The extension of the treasury building terminated with the complction of the north wing, which is occupied by the offices of the Treasurer of the United States and the Commissioner of Internal Revenue. The system of heating and ventilation adopted in that portion of the building has proved a success, and is now being introduced, as far as practicable, to the west and south wings. The improvements on the main west staircase are rapidly approaching completion, and will, it is believed, afford sufficient light and ventilation to that portion of the building, while the removal of the monitor turret,” referred to in my last report, has materially improved the exterior appearance. Work on the stairway at the northwest augle of the building is now progressing in a satisfactory manner, though commenced late in the season, operations having been necessarily delayed until the removal of the treasury to the north wing. These improvemets will finally complete the north

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Work was commenced on this building June 14, 1869; but the unfavorable character of the site, wbich upon examination was found to require extensive piling, has prevented much progress this season. The work is, however, being pushed forward as rapidly as the nature of the case will permit.

A fine quarry of sandstone has been opened near the city, from which it is believed a sufficient supply of stock can be obtained for the exterior of both this building and the one now being erected at Portland, in the same State. Great difficulty has been experienced in procuring supplies of cement and other building materials, which causes much delay, and has aided to retard the progress of the work. It is hoped, however, that the difficulties have been overcome, and that, if sufficient appropriations are granted, the building will be completed at an early day.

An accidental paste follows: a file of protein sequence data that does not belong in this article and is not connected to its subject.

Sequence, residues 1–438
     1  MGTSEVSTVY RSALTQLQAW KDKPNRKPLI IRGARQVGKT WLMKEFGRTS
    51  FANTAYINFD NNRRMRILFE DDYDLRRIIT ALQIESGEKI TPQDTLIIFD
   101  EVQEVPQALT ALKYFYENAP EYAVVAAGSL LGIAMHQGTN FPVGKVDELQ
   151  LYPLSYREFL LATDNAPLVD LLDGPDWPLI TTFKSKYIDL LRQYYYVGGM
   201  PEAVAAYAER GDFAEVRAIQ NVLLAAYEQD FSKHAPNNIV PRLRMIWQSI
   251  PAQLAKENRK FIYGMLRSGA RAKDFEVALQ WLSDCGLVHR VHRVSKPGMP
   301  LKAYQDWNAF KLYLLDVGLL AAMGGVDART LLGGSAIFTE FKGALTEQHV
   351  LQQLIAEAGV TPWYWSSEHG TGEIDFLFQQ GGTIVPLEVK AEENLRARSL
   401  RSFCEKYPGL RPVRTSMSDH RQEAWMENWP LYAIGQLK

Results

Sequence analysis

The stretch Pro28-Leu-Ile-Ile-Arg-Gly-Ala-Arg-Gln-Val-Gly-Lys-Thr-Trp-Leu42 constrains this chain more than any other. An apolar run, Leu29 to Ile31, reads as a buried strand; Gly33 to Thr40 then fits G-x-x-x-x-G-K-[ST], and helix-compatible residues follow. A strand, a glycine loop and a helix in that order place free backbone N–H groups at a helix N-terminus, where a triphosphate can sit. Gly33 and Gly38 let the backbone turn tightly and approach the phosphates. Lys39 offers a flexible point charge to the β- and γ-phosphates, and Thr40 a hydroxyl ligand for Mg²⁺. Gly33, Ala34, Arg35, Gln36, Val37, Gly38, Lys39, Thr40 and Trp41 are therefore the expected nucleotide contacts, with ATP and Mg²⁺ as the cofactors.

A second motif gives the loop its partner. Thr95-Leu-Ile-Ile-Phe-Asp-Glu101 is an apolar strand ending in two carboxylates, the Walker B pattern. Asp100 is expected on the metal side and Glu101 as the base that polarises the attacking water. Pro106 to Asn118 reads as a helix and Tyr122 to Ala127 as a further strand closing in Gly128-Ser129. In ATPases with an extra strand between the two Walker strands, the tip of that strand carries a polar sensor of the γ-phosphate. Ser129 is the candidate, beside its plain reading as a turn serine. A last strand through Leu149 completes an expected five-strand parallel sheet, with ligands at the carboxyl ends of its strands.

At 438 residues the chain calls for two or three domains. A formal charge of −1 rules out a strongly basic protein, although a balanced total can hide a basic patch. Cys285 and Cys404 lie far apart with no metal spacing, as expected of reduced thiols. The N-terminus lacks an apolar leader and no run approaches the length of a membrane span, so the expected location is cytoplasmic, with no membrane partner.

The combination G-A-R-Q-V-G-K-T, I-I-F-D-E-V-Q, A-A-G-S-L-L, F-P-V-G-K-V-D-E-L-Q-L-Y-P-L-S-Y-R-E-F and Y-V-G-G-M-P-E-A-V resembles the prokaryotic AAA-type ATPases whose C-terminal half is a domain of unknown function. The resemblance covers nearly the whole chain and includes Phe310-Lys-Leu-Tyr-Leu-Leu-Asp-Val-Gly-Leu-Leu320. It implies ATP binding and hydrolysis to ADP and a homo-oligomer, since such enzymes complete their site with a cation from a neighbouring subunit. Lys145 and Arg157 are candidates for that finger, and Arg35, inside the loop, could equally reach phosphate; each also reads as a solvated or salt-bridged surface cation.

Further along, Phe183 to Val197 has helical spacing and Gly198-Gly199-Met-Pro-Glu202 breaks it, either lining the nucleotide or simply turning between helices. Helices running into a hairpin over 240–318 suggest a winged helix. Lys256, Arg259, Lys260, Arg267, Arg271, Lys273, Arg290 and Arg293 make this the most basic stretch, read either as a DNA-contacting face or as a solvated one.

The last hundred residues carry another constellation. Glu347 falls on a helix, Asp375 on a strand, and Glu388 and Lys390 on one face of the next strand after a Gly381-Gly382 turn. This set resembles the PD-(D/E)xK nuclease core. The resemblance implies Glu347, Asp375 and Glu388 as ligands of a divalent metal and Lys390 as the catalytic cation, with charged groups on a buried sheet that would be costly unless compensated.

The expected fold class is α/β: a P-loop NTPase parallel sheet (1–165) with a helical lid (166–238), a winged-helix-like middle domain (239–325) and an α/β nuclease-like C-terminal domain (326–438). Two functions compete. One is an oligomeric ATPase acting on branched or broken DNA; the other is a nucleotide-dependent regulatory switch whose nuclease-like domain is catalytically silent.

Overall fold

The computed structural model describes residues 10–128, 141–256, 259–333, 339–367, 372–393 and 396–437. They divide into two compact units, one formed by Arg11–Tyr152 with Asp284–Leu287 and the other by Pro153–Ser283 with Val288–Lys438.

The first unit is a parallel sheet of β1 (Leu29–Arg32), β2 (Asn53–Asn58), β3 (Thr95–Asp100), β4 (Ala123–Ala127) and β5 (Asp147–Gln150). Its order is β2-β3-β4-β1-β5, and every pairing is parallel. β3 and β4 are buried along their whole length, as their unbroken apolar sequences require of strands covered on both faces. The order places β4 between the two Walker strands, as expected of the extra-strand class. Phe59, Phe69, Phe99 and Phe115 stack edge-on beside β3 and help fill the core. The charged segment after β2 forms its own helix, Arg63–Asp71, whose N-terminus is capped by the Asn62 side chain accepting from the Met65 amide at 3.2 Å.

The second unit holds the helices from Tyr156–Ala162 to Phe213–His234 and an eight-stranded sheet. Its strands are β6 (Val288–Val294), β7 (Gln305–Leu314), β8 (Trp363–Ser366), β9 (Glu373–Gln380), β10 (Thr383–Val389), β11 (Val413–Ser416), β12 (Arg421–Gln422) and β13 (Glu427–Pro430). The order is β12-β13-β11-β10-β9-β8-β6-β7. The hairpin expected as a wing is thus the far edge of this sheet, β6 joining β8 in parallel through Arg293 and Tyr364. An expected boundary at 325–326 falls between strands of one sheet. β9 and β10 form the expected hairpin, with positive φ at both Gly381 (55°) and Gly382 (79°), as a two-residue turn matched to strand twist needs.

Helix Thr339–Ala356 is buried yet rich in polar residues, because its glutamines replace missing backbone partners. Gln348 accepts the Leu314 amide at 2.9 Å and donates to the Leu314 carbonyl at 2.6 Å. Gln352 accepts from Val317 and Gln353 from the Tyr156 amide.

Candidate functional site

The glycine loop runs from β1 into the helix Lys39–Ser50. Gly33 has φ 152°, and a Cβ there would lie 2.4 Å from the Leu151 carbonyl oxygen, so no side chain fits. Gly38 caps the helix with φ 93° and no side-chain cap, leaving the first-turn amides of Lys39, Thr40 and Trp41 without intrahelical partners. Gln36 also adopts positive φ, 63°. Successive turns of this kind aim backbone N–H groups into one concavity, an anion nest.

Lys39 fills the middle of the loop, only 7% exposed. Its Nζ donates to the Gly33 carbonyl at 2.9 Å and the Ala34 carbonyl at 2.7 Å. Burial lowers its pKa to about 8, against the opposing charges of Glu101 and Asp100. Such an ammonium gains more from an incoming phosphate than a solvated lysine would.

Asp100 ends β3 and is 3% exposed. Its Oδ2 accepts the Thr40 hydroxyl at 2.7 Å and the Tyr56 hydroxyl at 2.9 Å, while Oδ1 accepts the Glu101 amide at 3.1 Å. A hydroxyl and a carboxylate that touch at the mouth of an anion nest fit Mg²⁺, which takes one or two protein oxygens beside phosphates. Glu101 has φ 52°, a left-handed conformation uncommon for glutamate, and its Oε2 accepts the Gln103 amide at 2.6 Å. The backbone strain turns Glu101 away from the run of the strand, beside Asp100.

The extension of this building and the remodeling and repair of the old portion have been completed the present season, and the rooms have been properly furnished throughout.

The rapid prosecution and successful completion of this work reflect the highest credit upon the superintendent, who, in addition to his duties at this place, has also had charge of the custom-house in progress of erection at Wiscasset, Maine, and the remodeling of the custom-house at Castine, Maine.

The extension of this building has been completed within the estimates; but serious defects were discovered in the old portion, that rendered an increased expenditure indispensable to its preservation. By the enlargement of the building good accommodations have been provided for all the officers of the government occupying the same. An improved steam-heating apparatus has been provided, and the entire premises placed in the best condition.


This building is in as satisfactory condition as its nature will permit; but it is overcrowded and not well adapted to the wants of the service. Some further relief for the Post Office Department is imperatively needed, and I would recommend that an appropriation of $20,000 be obtained for an addition to that portion of the building.